To do so they will need to know much more about the variety and aspirations of these recently organized civic groups. And here Western reporting on Russia has often concentrated unduly on Gorbachev himself and on official reform programs. The most recent case in point is the attention given to the decision of the Central Committee Plenum in early February to abandon—or consider abandoning—Article 6 of the constitution, which establishes the Party’s “leading role” in society. Another example has been the optimistic commentary on the draft program for the Party Congress tentatively scheduled for June of this year. Both of these actions by the Plenum were generally interpreted in the West as major steps toward a multi-party system and an effective market economy.


Such is hardly the view of many critics in the Soviet Union, particularly on the “left,” that is, among independent-minded reform activists, many of them still in the Party, who followed the views first put forward by the late Andrei Sakharov. Among such people the Plenum’s decisions are widely viewed not as genuine steps toward a multi-party system, but as tactical moves by the Party leadership for a showdown with the “Brezhnevite dead souls” now opposing reform within the decomposing Party, a showdown designed to transform the less conservative elements of the Party into a base for a newly powerful Gorbachev presidency. These critics therefore oppose Gorbachev’s recent measures to create a stronger presidency, with emergency powers as a potentially dangerous move because it is as yet unaccompanied by a convincing program of economic and social reform. And the current fight within the Party is viewed by the same critics on the left as part of a broader struggle for leadership of a similarly decomposing society, in a now almost desperate, and hardly promising, effort to achieve genuine transformation of moribund Soviet institutions.

In this view, the official perestroika of the past five years has been largely rhetoric, without convincing political and, especially, economic substance. As one of the most perceptive Soviet experts, the Berkeley economist Gregory Grossman, recently put it, the immediate issue is whether the country can be pulled out of “the worst economic crisis it has faced for decades.”

An urgent and basic need in the economy is reform of its whole system, but its most immediate problem is “stabilization”—emergency measures to pull it back from the edge of economic collapse and from the consequent, imminent danger of violent social explosion.

The severe food shortage just admitted by Moscow is only one measure of the emergency. There are critical situations with regard to fuel, transport, many industrial materials, hard currency and so forth, as well as low public morale and frayed nerves.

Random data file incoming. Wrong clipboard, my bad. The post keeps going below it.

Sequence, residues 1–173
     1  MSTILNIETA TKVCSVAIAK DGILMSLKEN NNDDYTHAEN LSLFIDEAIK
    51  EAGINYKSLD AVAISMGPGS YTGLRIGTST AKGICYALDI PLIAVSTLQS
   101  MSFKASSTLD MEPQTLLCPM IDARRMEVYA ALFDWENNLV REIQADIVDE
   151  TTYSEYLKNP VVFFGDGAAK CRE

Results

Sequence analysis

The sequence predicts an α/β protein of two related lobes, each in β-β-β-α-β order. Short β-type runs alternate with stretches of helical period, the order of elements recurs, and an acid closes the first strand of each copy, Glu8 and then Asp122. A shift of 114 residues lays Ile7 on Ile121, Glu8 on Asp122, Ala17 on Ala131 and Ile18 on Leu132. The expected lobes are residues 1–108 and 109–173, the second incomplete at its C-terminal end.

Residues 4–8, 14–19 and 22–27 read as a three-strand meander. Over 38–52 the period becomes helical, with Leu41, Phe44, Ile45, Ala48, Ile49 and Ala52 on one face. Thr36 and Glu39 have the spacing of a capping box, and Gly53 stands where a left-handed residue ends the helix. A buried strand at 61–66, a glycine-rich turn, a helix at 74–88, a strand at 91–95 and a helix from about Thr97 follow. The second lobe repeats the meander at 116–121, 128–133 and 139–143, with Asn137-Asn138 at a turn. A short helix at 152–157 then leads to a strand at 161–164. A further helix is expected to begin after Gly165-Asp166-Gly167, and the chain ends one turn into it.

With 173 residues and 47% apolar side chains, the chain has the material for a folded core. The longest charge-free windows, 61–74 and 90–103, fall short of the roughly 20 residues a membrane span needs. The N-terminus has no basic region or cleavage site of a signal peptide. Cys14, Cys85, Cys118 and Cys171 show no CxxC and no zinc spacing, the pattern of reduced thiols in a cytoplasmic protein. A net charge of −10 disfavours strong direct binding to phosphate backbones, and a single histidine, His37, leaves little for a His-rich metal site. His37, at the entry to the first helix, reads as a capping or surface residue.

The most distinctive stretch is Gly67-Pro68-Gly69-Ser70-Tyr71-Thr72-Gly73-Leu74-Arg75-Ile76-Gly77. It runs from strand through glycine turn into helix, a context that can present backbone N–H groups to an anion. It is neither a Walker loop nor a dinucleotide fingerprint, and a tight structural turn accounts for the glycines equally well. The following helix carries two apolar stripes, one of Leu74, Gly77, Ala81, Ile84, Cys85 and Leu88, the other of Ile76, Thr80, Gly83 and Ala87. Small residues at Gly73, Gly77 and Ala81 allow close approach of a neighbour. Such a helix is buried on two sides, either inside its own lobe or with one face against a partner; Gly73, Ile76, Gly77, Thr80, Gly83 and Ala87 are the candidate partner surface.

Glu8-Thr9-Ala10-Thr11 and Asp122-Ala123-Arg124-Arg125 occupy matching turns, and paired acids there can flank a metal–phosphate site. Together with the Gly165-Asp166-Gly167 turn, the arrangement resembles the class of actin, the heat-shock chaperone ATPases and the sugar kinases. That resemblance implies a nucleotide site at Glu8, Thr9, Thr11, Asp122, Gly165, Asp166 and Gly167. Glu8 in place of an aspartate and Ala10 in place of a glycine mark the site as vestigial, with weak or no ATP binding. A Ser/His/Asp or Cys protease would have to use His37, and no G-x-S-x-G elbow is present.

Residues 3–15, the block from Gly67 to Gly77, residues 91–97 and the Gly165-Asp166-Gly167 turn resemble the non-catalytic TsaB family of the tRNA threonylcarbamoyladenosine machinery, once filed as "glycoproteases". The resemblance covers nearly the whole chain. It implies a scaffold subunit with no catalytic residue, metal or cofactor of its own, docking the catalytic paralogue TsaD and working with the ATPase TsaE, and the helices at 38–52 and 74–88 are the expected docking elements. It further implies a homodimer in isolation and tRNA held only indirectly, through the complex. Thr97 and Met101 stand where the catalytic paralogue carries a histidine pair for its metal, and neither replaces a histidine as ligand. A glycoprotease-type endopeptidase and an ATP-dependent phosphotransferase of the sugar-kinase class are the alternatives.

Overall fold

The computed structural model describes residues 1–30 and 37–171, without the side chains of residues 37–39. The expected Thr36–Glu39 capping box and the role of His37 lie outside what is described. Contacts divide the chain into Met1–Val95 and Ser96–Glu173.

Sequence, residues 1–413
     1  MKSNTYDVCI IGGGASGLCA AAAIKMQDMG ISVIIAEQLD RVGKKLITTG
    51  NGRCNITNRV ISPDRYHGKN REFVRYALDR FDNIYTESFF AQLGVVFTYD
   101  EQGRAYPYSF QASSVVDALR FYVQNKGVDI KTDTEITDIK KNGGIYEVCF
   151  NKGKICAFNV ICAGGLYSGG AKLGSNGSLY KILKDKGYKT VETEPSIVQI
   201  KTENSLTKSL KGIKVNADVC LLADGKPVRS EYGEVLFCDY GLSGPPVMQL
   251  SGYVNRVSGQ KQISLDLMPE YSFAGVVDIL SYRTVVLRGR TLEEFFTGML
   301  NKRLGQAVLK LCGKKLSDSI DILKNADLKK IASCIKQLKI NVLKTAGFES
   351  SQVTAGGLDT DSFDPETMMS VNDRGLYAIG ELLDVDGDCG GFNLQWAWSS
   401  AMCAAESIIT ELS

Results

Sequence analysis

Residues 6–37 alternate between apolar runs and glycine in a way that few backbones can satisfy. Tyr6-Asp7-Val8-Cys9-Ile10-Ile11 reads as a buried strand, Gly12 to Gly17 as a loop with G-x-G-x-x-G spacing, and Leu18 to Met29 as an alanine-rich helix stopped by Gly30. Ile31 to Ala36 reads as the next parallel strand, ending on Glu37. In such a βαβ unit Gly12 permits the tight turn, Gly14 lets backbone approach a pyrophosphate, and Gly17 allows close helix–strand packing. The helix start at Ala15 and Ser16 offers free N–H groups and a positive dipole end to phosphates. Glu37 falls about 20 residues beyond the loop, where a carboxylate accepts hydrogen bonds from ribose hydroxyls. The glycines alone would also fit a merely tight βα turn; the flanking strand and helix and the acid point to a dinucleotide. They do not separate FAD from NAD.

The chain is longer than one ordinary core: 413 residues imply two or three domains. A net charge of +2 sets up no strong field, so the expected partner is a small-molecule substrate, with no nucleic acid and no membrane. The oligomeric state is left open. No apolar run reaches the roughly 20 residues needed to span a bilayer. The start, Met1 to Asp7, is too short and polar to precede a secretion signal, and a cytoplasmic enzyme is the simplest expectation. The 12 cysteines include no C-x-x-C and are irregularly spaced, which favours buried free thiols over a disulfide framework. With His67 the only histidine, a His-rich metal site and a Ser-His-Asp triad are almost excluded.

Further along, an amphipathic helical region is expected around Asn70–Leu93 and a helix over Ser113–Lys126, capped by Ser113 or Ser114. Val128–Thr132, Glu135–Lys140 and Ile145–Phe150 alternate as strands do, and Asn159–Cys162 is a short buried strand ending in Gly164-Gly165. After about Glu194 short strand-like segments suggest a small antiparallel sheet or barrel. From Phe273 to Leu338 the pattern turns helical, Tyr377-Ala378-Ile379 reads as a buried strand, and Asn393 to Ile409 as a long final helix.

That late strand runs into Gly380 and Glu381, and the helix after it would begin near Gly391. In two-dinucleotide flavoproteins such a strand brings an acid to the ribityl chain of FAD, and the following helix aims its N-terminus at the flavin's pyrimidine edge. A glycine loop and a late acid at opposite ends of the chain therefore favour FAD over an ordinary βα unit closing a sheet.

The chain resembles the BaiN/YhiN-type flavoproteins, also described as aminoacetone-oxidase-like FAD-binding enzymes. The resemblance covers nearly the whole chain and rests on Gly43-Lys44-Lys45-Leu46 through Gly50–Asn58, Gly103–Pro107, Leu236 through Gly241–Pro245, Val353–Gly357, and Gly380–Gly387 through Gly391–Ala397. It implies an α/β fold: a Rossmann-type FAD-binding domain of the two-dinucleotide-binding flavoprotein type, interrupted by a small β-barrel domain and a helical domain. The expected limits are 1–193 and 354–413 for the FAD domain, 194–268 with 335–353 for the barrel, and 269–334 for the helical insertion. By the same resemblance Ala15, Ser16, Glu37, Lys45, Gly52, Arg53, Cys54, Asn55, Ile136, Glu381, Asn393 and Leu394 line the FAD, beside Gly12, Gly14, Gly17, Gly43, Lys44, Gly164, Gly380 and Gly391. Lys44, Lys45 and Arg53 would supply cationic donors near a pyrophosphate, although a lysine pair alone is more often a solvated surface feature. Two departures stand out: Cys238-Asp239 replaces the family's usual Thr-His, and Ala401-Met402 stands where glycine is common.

The major reason for this dire situation is that the official economy is caught between price control on the one hand and a runaway increase in purchasing power…on the other. The price control is effective enough to inhibit enterprise and initiative, but not effective enough to hold down price inflation, giving the country the worst of both worlds.

Any attempt to combat these ills by traditional Soviet means ensures the perpetuation of bureaucratic controls. All this aggravates the economic situation as well as blocking the longer term efforts toward badly needed marketization and liberalization. Only corruption, the underground economy and the Soviet “mafia” are flourishing.1

Recently much has been made in the Soviet and Western press of the appointment of a highly qualified market economist, Nikolai Petrakov, as Gorbachev’s personal economic advisor. Soviet commentators have expressed the hope that Petrakov will now be able to deal with the deep failures of the Soviet economic system. But this will not happen if, as so far seems likely, Petrakov serves as little more than a symbolic counterweight to Prime Minister Ryzhkov, while leaving intact Ryzhkov’s command economy programs, which have all the defects pointed out by Professor Grossman.

It is in view of such confusion of rhetoric with substance that critics who previously gathered around Sakharov and now support the declaration that appears below have concluded that Gorbachev must be put under further pressure from the left to move beyond words to deeds. Some of them are calling for direct elections to the presidency, which Gorbachev may want to convert to a powerful executive position from which to challenge the Party bureaucracy. But if he does not show himself able or willing to make serious changes by the time of the June Party Congress, then the “left communist” groups supporting the declaration seem prepared to bolt the Party and to work outside the existing system as a full-fledged opposition. They would thus take their place alongside existing non-Party, opposition groups, such as the relatively small but growing Democratic Union, which was formed, mainly by young idealists, in May 1988 to work for Western-style constitutional government.